In case you've ever wondered What it's like to be raided by the FBI
(or having 8 federal agents chilling out in your living room)
(or offsite backups are your friend)
A few years ago, a close friend of mine, let's call him Bill, decided to write a clone of some commercially available software in his spare time, at home. Bill progressed pretty well and eventually had a product better than the competition's and worthy of selling. The only problem is, this commercial code was under export control and therefore releasable to government agencies and the like. No problem Bill said, he'd just sell copies to government agencies. He did this for about a year with great success until late last year the commercial developer started feeling the heat and decided to use taxpayer dollars to try and get rid of him. They decided to call the FBI and say that Bill was engaged in arms trafficking.
You gotta love sour apples.
Bill was kicking it old school in his crib one morning (7:30 or so) watching cartoons when there was a knock on the front door. He opened it and was greeted by eight federal agents and a search warrant. There was something like five Suburbans in his driveway. The agents came in and calmly said they had a search warrant and for him to read it and understand what they were there for. The warrant called for the search and seizure of all documents, records, receipts, and anything related to computer hardware or storage of any kind whatsoever (obviously related to his code development).
Two of the FBI agents sat him down in the kitchen and asked him questions about his programs, who he had sold them to, where he had obtained the information to develop them, and the like. The agents were very calm and reserved. Bill was surprisingly cool too, considering that he was now among an elite group of individuals that included Kevin Mitnick and Phiber Optik. He even offered the agents some coffee (they declined). The other six or so agents dismantled Bill's network, network server, dual processor linux server, desktop box, and laptop. They gathered every CD, disk, and box in a well-organized pile in his living room, took photographs, and wrote up an inventory which they provided to Bill (so when his belongings are returned, in the year 2025, he can make sure nothing is missing). The agents did not rough him up, break anything, pressure him or swear at him. Nice of them. One of the agents even told him that his home network was "extremely impressive" and that they had never seen anything like it. They thanked him for his cooperation and then left.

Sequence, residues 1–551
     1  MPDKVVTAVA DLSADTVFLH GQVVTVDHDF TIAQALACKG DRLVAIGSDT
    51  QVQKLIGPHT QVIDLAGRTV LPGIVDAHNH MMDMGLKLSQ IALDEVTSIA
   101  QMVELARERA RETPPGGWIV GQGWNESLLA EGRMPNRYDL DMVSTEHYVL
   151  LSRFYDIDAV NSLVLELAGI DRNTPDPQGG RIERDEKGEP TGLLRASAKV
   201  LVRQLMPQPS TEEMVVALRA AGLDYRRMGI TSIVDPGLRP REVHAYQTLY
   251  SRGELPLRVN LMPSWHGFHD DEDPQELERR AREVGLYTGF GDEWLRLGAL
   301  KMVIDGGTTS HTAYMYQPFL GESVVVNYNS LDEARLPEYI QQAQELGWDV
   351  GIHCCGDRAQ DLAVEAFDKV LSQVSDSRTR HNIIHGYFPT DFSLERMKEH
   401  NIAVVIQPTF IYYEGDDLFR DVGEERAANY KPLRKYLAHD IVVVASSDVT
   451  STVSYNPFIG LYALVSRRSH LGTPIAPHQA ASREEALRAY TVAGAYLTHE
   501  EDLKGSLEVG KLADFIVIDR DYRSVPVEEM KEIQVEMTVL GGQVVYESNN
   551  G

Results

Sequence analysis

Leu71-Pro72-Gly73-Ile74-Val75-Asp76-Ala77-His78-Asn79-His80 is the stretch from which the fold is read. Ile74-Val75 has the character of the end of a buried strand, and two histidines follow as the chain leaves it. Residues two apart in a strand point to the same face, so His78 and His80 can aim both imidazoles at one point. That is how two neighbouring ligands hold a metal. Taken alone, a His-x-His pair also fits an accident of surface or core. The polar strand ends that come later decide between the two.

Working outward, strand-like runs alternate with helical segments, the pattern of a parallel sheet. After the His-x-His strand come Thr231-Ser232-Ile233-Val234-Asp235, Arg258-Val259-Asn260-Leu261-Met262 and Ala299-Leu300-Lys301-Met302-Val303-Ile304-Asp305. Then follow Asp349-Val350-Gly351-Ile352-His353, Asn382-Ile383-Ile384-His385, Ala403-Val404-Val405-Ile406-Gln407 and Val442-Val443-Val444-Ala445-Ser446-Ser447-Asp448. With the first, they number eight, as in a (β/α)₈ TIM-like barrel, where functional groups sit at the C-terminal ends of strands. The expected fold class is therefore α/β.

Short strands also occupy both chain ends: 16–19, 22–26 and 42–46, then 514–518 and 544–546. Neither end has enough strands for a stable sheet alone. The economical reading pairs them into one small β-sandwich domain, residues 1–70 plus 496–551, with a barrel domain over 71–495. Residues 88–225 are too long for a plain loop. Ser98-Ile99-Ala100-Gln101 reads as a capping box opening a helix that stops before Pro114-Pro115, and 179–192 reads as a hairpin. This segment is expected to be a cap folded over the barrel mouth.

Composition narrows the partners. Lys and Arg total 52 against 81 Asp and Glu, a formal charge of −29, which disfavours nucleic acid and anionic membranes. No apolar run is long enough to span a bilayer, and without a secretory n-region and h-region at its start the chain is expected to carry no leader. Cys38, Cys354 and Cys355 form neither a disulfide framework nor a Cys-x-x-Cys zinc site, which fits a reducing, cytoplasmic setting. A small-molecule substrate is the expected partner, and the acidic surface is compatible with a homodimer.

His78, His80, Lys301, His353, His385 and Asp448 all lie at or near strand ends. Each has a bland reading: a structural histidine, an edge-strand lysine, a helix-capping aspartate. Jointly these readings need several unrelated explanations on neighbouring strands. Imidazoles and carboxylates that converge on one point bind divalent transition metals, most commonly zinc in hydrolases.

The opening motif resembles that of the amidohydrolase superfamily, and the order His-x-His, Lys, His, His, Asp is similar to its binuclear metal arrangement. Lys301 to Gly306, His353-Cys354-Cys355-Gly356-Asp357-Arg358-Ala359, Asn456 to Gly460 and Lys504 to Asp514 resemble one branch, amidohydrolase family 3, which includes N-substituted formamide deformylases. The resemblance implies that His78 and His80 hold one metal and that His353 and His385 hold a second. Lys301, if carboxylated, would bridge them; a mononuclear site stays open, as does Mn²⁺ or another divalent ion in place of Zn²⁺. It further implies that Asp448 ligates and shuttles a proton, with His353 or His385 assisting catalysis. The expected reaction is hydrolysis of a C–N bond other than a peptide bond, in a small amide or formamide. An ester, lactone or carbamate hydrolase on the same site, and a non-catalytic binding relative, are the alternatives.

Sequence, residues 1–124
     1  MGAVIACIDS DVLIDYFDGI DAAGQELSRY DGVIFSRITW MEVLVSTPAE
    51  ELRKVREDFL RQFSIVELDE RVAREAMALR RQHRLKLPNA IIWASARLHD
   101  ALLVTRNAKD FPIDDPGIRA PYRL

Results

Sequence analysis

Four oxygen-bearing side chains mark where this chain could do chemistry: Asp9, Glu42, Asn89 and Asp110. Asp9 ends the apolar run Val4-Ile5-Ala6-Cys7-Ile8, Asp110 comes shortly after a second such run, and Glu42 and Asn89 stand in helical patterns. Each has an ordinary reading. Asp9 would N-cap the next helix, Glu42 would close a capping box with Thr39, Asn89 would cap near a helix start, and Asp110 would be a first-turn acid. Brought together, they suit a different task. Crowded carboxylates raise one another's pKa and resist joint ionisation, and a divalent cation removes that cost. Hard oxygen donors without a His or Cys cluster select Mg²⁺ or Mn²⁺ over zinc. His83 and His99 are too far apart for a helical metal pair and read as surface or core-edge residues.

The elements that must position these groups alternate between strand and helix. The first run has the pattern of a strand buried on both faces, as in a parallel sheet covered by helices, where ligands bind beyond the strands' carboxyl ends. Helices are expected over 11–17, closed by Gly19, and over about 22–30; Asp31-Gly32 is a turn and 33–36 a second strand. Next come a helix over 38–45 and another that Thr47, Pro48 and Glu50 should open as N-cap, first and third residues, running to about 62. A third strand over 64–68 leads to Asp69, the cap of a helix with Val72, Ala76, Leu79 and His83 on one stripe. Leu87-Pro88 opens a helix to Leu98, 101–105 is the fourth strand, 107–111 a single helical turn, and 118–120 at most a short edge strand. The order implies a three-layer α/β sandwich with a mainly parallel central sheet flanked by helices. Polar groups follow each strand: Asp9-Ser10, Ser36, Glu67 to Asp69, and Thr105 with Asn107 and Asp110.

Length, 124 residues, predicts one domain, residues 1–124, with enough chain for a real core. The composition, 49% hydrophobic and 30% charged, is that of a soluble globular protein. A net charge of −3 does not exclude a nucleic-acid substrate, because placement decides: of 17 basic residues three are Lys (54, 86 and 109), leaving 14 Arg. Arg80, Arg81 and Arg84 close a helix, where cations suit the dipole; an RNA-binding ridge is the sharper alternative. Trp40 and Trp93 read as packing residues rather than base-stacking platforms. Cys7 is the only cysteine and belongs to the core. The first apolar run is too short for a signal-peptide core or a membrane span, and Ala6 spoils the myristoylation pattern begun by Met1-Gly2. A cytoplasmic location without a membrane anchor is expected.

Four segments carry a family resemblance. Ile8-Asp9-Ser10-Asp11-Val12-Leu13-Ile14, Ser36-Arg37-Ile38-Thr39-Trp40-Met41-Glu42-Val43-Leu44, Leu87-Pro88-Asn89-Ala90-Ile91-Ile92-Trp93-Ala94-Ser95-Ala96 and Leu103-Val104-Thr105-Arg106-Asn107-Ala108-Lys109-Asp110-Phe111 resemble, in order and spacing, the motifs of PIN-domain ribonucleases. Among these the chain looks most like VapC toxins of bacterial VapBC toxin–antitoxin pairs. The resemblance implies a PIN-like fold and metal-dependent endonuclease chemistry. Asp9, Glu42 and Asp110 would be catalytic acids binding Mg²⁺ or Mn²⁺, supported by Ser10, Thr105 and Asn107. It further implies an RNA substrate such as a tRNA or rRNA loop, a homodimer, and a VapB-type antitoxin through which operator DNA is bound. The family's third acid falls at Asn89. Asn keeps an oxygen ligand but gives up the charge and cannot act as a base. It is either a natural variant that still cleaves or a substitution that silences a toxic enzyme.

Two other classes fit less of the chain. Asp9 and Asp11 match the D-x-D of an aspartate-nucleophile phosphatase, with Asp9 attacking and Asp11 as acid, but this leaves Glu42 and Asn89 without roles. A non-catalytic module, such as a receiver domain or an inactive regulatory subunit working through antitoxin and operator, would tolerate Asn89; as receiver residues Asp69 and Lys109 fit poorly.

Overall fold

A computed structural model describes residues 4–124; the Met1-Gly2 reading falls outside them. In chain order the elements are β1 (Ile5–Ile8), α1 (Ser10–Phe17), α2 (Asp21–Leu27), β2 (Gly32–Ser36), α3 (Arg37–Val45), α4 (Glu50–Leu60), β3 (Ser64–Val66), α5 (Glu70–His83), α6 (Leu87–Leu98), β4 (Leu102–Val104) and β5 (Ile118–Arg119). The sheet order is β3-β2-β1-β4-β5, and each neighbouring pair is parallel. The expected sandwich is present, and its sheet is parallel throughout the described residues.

Um, yeah. Bill was having what you might call a bad day. He was already late for traffic court for running a stop light. I'll never forget how he handled the District Judge:
Judge: Sir, why are you late for court?
Bill: Well, uh, the FBI paid me a visit this morning.
Judge: Excuse me?
Bill: I have some paperwork to that effect.
-hands the search warrant to the judge-
Judge: ... I see. To the charge of running a stop light, how do you ..
Bill says that he was nauseous for three weeks straight after the incident. I believe him.
A year later and Bill is still not charged with any crime. As to when his property will be returned, he has no idea. He is still allowed to sell his software, which he still develops due to his diligent use of offsite backup. He says it's the greatest icebreaker at parties he's ever known. "Say, what's the scariest thing that ever happened to you?" "Well, the FBI came over to my house this one time .."
What it's like to be questioned by the FBI
What it's like to be free of the FBI